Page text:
Dutch elm disease response finds 13 tonnes of improperly stored elm wood; 71 infractions
Since the announcement on September 15, 2020, of a confirmed case of Dutch elm disease (DED) in a tree near Saskatoon’s Montgomery neighbourhood, the City has been actively implementing the DED Response Plan which has included:
- Immediate removal of the positive tree
- Disposal of the infected tree at the City landfill
- Sampling of adjacent trees
- Surveillance and testing of private and public trees in the surrounding area including Montgomery, Fairhaven, Meadowgreen and South Industrial areas, with an intensive search for elm material and other sources of infection
During their search, inspectors have issued 71 infraction notices (46 of which contained elm firewood), removed over 13,000 kilograms of elm wood from private property, and sampled an additional 20 trees with so far no additional positive test results from the lab. Inspectors have also found several instances where wood was moved from elsewhere with elm bark beetle activity in the wood.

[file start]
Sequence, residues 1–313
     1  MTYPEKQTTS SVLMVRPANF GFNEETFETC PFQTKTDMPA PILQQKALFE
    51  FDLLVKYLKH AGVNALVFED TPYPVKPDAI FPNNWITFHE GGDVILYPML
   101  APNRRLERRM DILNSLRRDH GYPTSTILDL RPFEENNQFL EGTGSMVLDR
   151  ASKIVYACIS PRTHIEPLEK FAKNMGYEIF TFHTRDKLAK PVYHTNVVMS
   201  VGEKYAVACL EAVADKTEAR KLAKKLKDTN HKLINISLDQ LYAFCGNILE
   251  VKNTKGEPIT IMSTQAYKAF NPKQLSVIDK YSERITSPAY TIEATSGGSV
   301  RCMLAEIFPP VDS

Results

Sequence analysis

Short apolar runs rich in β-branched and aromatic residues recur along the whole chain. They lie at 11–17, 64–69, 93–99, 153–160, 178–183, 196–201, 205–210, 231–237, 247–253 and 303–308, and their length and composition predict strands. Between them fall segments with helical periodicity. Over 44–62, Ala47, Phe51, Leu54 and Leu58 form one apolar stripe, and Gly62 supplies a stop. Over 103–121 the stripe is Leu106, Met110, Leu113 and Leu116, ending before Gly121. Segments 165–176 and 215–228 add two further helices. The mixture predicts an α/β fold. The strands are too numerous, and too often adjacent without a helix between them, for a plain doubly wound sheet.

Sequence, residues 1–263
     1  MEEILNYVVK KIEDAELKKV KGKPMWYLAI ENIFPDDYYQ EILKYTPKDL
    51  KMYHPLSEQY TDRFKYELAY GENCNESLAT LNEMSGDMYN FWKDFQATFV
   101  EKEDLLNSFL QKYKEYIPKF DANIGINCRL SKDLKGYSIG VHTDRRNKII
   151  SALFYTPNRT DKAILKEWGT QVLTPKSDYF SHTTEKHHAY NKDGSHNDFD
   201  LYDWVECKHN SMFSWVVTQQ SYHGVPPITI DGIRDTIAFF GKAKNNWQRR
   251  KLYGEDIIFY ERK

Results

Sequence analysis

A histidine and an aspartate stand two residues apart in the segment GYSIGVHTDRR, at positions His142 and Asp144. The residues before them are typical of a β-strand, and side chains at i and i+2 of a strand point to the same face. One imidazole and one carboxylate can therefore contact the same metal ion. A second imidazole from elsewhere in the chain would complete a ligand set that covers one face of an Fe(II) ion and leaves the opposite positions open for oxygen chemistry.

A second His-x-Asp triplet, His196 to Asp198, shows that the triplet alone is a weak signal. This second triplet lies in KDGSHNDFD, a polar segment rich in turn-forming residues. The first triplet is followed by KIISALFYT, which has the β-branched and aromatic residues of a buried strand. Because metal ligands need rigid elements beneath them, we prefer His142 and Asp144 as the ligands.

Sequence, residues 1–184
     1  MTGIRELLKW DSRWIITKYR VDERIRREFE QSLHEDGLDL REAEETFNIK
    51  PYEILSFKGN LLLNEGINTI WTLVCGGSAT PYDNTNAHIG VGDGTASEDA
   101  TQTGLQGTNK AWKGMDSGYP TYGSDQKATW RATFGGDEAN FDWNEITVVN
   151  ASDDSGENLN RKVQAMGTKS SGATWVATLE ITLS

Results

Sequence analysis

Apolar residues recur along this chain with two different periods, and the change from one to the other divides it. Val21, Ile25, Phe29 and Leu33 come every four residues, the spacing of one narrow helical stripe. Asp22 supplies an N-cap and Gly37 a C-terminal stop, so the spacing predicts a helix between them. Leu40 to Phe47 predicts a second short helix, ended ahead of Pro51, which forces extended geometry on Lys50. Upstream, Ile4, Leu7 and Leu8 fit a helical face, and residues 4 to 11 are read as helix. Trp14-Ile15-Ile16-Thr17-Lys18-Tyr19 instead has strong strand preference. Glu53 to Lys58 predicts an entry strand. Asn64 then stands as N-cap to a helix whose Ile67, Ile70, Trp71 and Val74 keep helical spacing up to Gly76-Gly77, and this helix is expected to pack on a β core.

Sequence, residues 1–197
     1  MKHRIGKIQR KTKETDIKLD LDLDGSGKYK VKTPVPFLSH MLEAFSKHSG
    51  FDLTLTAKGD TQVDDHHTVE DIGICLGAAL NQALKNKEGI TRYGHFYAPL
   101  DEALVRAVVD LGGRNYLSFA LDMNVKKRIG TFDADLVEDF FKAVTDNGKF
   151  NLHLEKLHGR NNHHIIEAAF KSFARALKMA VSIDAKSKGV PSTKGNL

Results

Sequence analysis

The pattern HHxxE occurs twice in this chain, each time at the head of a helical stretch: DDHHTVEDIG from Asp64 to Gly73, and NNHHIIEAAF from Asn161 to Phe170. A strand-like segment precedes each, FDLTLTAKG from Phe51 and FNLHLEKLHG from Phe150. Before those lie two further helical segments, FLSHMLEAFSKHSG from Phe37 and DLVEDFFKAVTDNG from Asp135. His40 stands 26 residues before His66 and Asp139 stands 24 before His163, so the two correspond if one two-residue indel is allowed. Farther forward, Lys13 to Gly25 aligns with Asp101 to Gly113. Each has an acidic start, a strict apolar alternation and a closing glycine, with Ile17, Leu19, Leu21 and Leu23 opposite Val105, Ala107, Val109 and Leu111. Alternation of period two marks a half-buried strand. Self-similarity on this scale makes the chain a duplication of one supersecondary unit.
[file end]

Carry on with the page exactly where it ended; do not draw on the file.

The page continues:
“We would like to remind residents that the most effective management strategy for DED is to not transport or store elm wood,” says Jeff Boone, City Entomologist. “Infected firewood is the most likely way that DED would be brought into Saskatoon.”
Residents can help prevent DED by:
- Not pruning elms during the provincial pruning ban (April 1 to August 31)
- Not storing or transporting any elm firewood – provincial regulations prohibit the storing or transporting of elm firewood
- Always dispose of any elm wood at the City Landfill
The DED Response Plan will continue in the spring and summer of 2021 and will focus on searching for symptomatic trees to confirm that the disease has not spread.
For more information on DED, visit saskatoon.ca/dutchelmdisease.